2. Allison says:

    I’m so glad you liked it! I took a flyer on it last year and so enjoyed the story. I was so pleased there wasn’t a baby epilogue or she didn’t get her adopted baby back. I LOVED that she made a choice and followed through with it. Interesting dynamic w/Daisy’s mother who resented that Daisy was so resolute and working on improvement. Interesting class dynamics – would a more ‘middle class’ mother have been relieved by Daisy getting back ‘on track’ to school/career aspirations? I was very intrigued by this.

  3. Dorine says:

    This one does sound really good, Liz. I put it on my wishlist.

    • Liz Mc2 says:

      I think it’s a good example of how self-published books can be just as good as traditionally-published ones (if we still needed examples of that!).

      • Dorine says:

        I think we still do need examples of that, LIz. I’ve read self-published most of my adult life in other genres, but bad editing drives me crazy. I always appreciate another reader’s point of view before I buy them. If the story keeps me focused, I don’t notice as much.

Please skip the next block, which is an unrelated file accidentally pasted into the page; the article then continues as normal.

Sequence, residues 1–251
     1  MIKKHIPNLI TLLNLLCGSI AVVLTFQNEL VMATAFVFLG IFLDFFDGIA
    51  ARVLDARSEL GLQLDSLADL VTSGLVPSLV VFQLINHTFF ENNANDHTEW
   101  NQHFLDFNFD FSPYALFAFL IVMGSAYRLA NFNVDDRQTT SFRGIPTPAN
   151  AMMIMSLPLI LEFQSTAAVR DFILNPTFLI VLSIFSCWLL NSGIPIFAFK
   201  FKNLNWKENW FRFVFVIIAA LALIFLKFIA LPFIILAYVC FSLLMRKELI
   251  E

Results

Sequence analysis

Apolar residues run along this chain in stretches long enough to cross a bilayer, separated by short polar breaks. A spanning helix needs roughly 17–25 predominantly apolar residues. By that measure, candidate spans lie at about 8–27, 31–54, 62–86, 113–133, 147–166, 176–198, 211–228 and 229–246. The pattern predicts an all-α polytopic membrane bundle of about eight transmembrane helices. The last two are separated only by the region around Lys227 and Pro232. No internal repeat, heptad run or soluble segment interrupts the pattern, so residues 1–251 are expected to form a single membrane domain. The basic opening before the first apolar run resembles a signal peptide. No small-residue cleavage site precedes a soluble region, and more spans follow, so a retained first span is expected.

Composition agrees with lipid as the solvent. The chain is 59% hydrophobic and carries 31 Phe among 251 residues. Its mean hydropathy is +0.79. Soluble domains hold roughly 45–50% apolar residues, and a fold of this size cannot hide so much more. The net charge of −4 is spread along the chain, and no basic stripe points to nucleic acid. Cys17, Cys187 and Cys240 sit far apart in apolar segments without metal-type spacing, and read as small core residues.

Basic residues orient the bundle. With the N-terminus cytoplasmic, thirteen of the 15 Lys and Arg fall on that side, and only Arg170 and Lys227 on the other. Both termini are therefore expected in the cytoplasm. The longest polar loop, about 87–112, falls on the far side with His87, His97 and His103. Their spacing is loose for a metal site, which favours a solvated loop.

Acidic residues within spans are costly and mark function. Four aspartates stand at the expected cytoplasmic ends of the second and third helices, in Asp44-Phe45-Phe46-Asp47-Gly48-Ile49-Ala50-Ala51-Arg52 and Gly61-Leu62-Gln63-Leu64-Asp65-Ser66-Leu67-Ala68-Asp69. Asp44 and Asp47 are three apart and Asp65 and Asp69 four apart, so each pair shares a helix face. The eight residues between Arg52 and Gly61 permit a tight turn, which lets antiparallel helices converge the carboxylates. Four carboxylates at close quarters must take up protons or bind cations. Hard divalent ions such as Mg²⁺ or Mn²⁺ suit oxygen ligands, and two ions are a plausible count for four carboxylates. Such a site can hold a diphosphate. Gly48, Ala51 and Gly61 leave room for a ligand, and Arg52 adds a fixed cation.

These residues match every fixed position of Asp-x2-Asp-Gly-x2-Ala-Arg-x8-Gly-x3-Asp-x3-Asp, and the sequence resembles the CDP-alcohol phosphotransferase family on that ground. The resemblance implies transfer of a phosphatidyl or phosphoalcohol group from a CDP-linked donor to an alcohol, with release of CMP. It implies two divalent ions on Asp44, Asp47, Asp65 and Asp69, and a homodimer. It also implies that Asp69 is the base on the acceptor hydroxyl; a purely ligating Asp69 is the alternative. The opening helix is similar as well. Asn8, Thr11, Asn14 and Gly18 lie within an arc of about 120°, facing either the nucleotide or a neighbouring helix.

• Liz Mc2 says:

          The errors I noticed were almost all missing words, and they were the kind your mind fills in quickly. (but there were a fair number–every 10 pages or so, I’d guess).

          And in one of the quotes I used, I automatically corrected loathe to loath without realizing it at first. (And then just left it). But that is an error I see everywhere now and I’ve almost given up on insisting that there is a difference between them.

  4. elisabethjlane says:

    Small town contemporary romance is such a bugaboo for me. I always find myself annoyed at the town, the charactersnail and the situations they find themselves in. Sounds like this one might be better though. Are there any non-white characters in it? That’s my only other real deal-breaker in thus subgenre.